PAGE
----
I realize that very few people are as fully integrated into the electronic world as I am. This is not necessarily either a negative or positive issue. If you are a genealogist and integrated into electronics, then you likely think this a really good thing. But if you are a genealogist and have little or no knowledge of or contact with electronics, you likely question the sanity and reasonableness of those of us who are so inclined.
Although those who read this blog are likely connected to the electronic world to some extent, I thought it might be helpful if I gave the extreme perspective for each type of device.
Let's start with the basic computer; CPU, monitor, keyboard and mouse or trackpad. A common basic configuration, at the moment, is either an Apple iMac or a Dell, or a Gateway, or an HP Pavilion. The PCs running Windows start around $400 and the iMacs around $1,300. This is one area where you pay for what you get and price differences are generally reflected in the equipment configuration. The differences are in the speed, size of RAM memory, storage memory capacity, resolution of the monitor, and so forth. This is an area where you can walk into a mass merchandising company, such as Walmart, Costco, Sams Club, Best Buy or whatever and buy whatever is on sale and not be far off of a completely usable system.
My opinion: there is a reason Apple is skyrocketing into the top computer sales organization in the world. Generally, people will pay more when they see more value. Apple provides value in ease of use and design. There are a number of genealogy programs that work very well on Apple OS X computers. If you are told that you can't do genealogy on a Macintosh computer, the person talking to you is simply misinformed.
We presently use multiple desktop computers. We are frequently retiring older models and buying new ones. I do 80% of my work on an iMac with a 27 inch monitor. We have two more iMacs and two laptops, an HP and a MacBook Pro. My children use a variety of computers, from PCs to Macs in different configurations. We edit photographs, create documents, publish books, write, edit and compose blogs, watch movies, talk to family, friends and associates, participate in webinars, and on and on. I keep a huge genealogical database of tens of thousands of names and over 100,000 documents and photographs.
Next is the laptop. Laptops have now evolved into powerful full-blown computers. It is possible to use a laptop for both your desktop needs and for portability. The best selling laptops are made by Samsung, Apple, Acer, Dell, HP, Lenovo and Asus. I have a MacBook Pro and would not trade it for anything else except a newer MacBook Pro. Here again, you can walk into any mass merchandiser or go online and buy whatever strikes you as what you need and you will likely be right.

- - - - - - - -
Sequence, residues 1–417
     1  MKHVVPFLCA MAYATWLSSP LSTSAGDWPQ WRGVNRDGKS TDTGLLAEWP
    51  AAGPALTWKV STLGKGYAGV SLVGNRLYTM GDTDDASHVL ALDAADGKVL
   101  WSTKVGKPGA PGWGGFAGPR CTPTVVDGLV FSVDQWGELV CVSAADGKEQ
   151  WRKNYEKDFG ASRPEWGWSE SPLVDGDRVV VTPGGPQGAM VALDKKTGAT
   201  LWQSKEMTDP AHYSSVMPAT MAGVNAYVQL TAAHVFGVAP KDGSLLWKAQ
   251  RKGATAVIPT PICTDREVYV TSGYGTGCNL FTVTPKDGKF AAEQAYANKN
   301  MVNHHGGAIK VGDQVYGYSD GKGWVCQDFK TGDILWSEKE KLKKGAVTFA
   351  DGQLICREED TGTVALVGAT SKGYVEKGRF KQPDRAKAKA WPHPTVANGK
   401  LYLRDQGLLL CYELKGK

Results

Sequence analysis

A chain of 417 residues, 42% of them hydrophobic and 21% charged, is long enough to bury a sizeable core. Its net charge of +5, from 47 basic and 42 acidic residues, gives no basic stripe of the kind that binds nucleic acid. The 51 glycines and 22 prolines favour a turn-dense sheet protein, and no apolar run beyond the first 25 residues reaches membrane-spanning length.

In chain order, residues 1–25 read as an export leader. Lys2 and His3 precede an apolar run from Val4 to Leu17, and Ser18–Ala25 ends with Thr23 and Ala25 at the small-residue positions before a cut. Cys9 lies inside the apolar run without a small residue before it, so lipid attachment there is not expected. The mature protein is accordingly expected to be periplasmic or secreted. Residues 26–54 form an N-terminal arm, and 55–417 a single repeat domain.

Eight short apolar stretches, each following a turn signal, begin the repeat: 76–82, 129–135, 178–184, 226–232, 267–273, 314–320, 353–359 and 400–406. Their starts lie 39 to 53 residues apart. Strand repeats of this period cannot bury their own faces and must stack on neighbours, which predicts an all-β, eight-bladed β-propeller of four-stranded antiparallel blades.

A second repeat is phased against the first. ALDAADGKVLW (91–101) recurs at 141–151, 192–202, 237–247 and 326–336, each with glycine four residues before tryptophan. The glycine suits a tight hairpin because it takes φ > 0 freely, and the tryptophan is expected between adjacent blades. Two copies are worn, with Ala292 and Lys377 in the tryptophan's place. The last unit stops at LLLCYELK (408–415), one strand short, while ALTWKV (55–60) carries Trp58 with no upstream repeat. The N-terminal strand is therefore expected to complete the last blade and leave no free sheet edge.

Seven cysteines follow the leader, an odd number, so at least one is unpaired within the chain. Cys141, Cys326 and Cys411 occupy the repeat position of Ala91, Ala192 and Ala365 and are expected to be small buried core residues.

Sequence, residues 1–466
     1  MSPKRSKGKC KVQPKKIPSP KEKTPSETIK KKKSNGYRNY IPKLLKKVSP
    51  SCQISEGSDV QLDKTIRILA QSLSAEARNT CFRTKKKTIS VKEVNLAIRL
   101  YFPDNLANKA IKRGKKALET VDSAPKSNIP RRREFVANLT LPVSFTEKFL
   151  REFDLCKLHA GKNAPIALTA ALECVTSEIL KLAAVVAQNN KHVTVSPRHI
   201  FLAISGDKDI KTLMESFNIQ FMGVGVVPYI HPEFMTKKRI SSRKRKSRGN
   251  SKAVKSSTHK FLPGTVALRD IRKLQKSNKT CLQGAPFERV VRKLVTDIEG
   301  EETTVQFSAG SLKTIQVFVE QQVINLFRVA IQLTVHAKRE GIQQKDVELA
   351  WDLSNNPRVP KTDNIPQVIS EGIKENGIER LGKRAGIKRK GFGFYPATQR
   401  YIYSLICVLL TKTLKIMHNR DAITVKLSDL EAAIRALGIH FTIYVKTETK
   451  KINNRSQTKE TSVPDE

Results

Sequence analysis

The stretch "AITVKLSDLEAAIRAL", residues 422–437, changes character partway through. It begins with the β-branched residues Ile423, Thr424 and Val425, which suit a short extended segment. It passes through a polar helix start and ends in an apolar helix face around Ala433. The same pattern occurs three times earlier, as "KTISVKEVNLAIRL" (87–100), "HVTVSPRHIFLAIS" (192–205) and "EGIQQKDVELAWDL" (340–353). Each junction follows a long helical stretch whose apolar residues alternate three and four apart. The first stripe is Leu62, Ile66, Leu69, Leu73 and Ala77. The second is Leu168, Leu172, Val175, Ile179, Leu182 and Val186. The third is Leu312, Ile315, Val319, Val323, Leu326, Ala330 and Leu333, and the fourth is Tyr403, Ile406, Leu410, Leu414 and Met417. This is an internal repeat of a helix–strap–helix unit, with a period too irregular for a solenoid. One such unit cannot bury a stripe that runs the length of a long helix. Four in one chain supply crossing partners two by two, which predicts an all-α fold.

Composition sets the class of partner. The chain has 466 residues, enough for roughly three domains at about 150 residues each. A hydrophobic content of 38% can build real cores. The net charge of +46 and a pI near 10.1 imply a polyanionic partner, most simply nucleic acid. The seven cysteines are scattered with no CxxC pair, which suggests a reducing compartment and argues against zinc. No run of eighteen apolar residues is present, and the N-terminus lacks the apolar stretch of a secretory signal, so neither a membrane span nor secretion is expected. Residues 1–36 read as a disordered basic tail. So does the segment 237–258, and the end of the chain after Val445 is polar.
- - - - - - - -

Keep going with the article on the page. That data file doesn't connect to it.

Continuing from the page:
I carry my laptop around with me incessantly. I use it for presentations and I use if for classes and to work when I am not at home. Almost everything I do on a desktop computer, I can do just as easily on a laptop (except for the screen size).
Do you need a laptop? Do you need two cars? Do you need a dish washer? Do you need an electric vacuum? There is always a tradeoff between having a new device and the use to which the device is put. I use my laptop very frequently. You may not. Buying a new device does not mean you will use it.
Down the list, the next type of device has raced to the market in the last couple of years, that is tablet computers. iPads and similar devices are selling at an astounding rate. We have two iPads. I use the iPad to read books from the library and purchased online. I watch movies since we sold all our TVs and I listen to music and a lot of other activities. The question here is whether or not you want or need a smartphone. The tablet computer and the smartphone have almost all the same features, except, of course, the telephone part. I find the two devices to be duplicative. I like the iPad because of the larger screen. With these devices, you just need to go to a couple of stores and have a look. You need to hold them in your hand and decide whether or not you would use one.
Tablets can do nearly all of the functions of a laptop and some of the key functions of a desktop, but I find that I need to go back to my desktop to do serious long term work.
Input devices are the next issue. I use a standard keyboard and a mouse. I have almost entirely moved over to using a trackpad in addition to a mouse. I use the Apple Magic Trackpad. This is another area of personal preference.
I guess I will have to continue this post at some later time and get into the rest of the equipment.